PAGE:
part-time administrators.

There exists an important inshore fishery off Selsey (West Sussex, U.K.) for the lobster, Homarus
gammarus. A fleet of 14 full-time fishing vessels operate from the fishing station utilising offshore
moorings which are afforded protection from the prevailing southwest winds by Selsey Bill. In
addition 20 or so part-time boats occasionally fish in this area. The fleets’ main targets are
lobster, crab and whelk. The lobster and crab fishery is managed locally by a byelaw from the
Sussex Sea Fisheries District Committee (SSFDC); a maximum of 300 pots per vessel are
permitted within 0-3nm of the district.
Previous studies by Sea Fisheries Committees (SFCs), and CEFAS showed a high proportion of
the pot caught lobsters off Selsey are less than the minimum legal size (87mm carapace length).
After the pots have been retrieved undersized individuals are returned to the sea. Evidence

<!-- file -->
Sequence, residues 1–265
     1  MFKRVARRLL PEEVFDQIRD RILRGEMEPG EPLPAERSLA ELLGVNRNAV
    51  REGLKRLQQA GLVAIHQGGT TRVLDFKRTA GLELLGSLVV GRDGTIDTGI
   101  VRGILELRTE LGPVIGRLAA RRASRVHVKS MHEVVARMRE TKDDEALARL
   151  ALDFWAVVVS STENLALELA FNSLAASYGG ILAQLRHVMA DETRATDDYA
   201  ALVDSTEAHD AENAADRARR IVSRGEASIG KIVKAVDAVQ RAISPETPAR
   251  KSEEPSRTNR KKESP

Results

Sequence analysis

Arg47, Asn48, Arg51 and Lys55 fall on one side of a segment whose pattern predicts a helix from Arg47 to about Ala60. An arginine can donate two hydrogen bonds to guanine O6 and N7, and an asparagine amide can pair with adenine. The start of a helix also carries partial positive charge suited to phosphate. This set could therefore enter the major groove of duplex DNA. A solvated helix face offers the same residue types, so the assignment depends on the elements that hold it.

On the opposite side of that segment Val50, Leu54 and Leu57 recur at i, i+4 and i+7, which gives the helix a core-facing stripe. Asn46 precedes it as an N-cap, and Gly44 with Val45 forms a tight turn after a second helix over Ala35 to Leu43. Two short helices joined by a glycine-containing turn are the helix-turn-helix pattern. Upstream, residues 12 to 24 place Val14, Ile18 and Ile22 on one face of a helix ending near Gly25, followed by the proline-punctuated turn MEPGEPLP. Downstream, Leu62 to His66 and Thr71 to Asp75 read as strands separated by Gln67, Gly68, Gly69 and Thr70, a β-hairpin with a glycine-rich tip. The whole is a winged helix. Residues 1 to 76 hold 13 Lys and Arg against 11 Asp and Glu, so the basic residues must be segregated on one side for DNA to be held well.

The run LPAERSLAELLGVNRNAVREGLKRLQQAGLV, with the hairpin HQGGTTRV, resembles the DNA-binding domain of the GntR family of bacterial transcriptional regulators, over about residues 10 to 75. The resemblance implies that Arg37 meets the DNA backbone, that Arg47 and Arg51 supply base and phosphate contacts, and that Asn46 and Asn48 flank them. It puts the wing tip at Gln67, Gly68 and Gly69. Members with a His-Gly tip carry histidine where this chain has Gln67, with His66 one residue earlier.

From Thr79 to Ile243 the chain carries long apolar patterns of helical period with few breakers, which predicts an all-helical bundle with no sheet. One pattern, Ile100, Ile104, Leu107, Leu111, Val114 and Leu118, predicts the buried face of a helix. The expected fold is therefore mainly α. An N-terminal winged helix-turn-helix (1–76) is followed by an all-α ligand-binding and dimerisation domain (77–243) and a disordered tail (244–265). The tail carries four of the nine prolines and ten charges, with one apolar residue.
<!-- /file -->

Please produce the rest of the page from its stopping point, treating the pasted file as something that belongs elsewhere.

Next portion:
suggests that the entrapment and subsequent return of lobsters can result in damage and
mortality. This damage/mortality is associated with:
1) Fighting within the pots; lobsters are highly territorial and it is common off Selsey to entrap ten
lobsters per parlour pot.
2) Retrieval and the clearing of the pots; this can cause physical damage and stress to the
3) Relocation; individuals are not returned to the same place on the fishing ground; this relocation
can result in a loss of territory and increases the likelihood of predation.
Research shows that the fitting of escape hatches to allow small lobsters to escape from lobster